Gas-assisted compression moulding of glass reinforced polypropylene
Brzeski, Ian (2009) Gas-assisted compression moulding of glass reinforced polypropylene. PhD thesis, University of Warwick.
WRAP_THESIS_Brzeski_2009.pdf - Requires a PDF viewer such as GSview, Xpdf or Adobe Acrobat Reader
Official URL: http://webcat.warwick.ac.uk/record=b2338296~S15
A new process of combining gas injection with compression moulding was developed
and studied in this research work. The process is called Gas Assisted Compression
Moulding (or GasComp). The principle is based on the injection of nitrogen gas
during a conventional compression moulding cycle. The flow of the material due to
the compressive force of the press is assisted by the injection of gas into the centre
of the molten material. The gas assists in the flow by coring out the material,
reducing the weight by up to 45 percent and increasing the dimensional stability of
Novel glass matt thermoplastic mould tools were designed and developed during the
course of the research program for use with the process. These designs were of a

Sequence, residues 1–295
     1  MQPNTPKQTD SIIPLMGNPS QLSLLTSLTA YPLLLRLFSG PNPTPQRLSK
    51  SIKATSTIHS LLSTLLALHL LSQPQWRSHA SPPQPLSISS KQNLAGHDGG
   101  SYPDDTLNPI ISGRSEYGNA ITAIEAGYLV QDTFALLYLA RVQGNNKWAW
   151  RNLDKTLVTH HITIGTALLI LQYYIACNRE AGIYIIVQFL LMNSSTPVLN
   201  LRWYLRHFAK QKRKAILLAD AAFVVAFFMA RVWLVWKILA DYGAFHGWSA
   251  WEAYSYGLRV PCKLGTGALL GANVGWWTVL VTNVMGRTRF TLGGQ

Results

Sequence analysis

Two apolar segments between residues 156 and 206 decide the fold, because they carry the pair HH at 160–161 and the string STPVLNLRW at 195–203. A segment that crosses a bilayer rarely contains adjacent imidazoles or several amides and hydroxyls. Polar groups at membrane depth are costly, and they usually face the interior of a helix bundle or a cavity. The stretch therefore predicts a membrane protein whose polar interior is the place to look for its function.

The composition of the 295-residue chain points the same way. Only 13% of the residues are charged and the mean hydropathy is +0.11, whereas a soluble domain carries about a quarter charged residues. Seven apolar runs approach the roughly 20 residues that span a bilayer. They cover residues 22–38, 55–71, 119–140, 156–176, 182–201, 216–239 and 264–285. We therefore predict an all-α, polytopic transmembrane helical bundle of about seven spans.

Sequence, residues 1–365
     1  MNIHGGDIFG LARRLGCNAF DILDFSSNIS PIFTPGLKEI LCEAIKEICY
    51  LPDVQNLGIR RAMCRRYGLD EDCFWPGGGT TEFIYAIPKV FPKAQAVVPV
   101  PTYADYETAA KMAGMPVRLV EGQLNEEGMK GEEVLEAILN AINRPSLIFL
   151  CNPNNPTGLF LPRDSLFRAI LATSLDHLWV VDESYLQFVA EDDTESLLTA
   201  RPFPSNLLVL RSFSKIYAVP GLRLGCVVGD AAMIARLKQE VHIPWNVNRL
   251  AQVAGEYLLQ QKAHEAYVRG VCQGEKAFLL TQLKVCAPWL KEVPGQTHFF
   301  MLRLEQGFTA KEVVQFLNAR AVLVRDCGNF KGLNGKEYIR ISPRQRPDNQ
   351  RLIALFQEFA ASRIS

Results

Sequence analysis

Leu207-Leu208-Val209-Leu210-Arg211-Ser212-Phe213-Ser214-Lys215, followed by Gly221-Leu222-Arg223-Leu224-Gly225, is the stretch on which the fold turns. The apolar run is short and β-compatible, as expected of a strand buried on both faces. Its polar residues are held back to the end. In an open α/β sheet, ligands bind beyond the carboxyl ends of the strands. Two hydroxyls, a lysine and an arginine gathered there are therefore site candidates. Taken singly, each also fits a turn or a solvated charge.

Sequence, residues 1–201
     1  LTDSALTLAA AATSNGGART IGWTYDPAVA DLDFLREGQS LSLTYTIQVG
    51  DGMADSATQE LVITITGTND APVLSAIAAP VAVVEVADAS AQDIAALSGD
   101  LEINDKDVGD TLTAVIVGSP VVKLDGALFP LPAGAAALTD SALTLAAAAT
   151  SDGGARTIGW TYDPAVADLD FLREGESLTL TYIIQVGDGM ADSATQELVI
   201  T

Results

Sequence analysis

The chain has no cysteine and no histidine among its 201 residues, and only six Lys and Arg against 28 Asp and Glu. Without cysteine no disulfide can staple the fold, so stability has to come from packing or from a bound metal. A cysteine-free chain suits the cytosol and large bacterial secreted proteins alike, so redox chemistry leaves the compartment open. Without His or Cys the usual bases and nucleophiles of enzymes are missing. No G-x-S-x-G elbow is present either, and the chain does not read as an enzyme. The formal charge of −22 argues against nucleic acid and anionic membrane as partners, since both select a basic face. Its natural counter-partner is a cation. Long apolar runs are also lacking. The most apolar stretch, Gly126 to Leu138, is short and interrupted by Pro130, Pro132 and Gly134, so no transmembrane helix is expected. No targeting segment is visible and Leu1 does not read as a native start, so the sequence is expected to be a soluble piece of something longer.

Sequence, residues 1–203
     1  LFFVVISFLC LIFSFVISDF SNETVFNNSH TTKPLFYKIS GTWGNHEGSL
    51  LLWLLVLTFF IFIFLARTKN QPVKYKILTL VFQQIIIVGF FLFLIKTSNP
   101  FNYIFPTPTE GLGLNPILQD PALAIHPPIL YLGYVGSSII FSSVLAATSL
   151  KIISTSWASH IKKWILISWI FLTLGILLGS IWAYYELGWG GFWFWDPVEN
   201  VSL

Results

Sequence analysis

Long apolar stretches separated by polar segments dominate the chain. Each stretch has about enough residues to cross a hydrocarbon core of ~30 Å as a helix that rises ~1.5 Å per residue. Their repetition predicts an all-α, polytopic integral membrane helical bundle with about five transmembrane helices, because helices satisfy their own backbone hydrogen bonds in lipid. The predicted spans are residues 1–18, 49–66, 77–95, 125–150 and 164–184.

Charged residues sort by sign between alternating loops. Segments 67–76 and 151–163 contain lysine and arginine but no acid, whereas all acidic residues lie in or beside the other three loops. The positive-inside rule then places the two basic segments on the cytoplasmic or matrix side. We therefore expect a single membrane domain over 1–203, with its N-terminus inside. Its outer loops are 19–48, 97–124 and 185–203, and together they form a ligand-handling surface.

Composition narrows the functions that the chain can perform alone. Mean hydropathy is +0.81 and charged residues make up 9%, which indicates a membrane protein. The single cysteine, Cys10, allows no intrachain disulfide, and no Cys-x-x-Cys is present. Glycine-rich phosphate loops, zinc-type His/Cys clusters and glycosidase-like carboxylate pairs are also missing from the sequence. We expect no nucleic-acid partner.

flash compression mould tool design with a horizontal clamping face, rather than the
conventional positive plug compression mould tool with a vertical shear edge. This
created a fixed volume mould tool, which when used in conjunction with a short shot
of material, would allow the gas to flow the material to fill the remaining volume.
Several materials were investigated for their suitability with the process. Their
characterisation showed that they contained different glass fibre contents and
architectures. A material with a short, dispersed glass fibre content of 11 percent
proved to consistently contain a significant gas cavity. The glass architecture proved
to be the most significant contributing factor in the creation of a successful gas cavity.
The most significant processing parameter in the creation of a large volume cavity
proved to be the gas injection delay time. The gas pressure and gas ramp time
affected the cavity shape, length and extent of gas fingering.
The shrinkage was reduced in the presence of a gas cavity, along with the visible
reduction of sink marks. The presence of other moulding features, such as hesitation
marks, gas packing and the change in fibre orientation were also discussed.
|Item Type:||Thesis or Dissertation (PhD)|
|Subjects:||T Technology > TP Chemical technology|
|Library of Congress Subject Headings (LCSH):||Molding (Chemical technology), Injection molding of plastics, Glass-reinforced plastics, Nitrogen, Polypropylene|
|Official Date:||July 2009|
|Institution:||University of Warwick|
|Theses Department:||School of Engineering|
|Extent:||xxi, 196 leaves : ill., charts.|
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